The Shepard Tone: Auditory Illusion

Sine Waves

This could possibly be written for iPsy, but I reckon it will feel at home here.

Audio is incredibly fascinating topic that covers maths, physics, music and cognitive/behavioural psychology. Upon watching a short BBC tech film at late midnight, I learnt about The Shepard Tone.

Named after Rodger Shepard, the Shepard tone is a sound consisting of a superposition of sine waves separated by octaves (an octave is the interval between one musical pitch and another with half or double its frequency). But what’s so special about the Shepard tone?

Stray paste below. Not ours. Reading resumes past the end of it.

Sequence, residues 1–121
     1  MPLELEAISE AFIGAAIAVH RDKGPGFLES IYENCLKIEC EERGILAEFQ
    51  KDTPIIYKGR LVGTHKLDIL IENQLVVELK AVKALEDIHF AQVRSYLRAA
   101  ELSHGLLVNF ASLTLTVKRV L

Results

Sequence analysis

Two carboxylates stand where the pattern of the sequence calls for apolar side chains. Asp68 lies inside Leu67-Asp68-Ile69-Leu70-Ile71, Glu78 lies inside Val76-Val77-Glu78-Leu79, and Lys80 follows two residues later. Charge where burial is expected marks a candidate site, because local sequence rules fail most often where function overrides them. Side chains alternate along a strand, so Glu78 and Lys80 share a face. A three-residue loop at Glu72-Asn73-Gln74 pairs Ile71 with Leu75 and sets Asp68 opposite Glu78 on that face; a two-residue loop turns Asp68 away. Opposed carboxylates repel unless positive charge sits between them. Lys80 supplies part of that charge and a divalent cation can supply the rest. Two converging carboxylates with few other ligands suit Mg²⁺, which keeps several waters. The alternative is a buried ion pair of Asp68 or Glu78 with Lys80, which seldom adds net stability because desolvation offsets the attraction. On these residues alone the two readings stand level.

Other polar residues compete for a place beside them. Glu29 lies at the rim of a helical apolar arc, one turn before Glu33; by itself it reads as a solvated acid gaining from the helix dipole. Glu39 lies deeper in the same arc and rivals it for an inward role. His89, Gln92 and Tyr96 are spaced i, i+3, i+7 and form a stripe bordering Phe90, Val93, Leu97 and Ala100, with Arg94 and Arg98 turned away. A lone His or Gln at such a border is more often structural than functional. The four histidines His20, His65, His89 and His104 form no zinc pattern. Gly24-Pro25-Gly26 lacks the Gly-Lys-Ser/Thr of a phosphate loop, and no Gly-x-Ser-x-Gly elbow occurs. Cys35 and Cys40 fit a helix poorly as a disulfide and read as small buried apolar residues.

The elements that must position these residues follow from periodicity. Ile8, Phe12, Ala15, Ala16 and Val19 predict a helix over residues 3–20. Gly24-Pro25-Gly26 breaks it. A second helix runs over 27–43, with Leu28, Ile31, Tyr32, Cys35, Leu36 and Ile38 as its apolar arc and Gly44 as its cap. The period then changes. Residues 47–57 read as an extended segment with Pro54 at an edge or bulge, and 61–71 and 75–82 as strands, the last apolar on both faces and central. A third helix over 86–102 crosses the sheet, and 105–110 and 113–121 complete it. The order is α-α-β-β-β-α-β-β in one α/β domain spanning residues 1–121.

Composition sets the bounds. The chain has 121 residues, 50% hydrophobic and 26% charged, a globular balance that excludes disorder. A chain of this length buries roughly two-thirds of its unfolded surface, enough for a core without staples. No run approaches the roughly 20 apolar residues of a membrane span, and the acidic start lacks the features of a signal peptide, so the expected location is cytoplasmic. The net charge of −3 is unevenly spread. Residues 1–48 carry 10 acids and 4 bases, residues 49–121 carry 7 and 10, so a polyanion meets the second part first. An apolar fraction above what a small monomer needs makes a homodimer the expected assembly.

This superposition of sine waves separated by octaves creates an auditory illusion of a tone that perpetually ascends or descends, without it reaching a limit of it getting higher or lower.

Here’s an example of the Shepard tone. The sound seems to be forever falling down, even if you replay the same video!

The Shepard's tone is sometimes described as the Sonic's Barber Pole.

Also, it is referred to as the Shepard scale when played with the base pitch of the tone moving upwards or downwards.

You can find more out about it in the link below!



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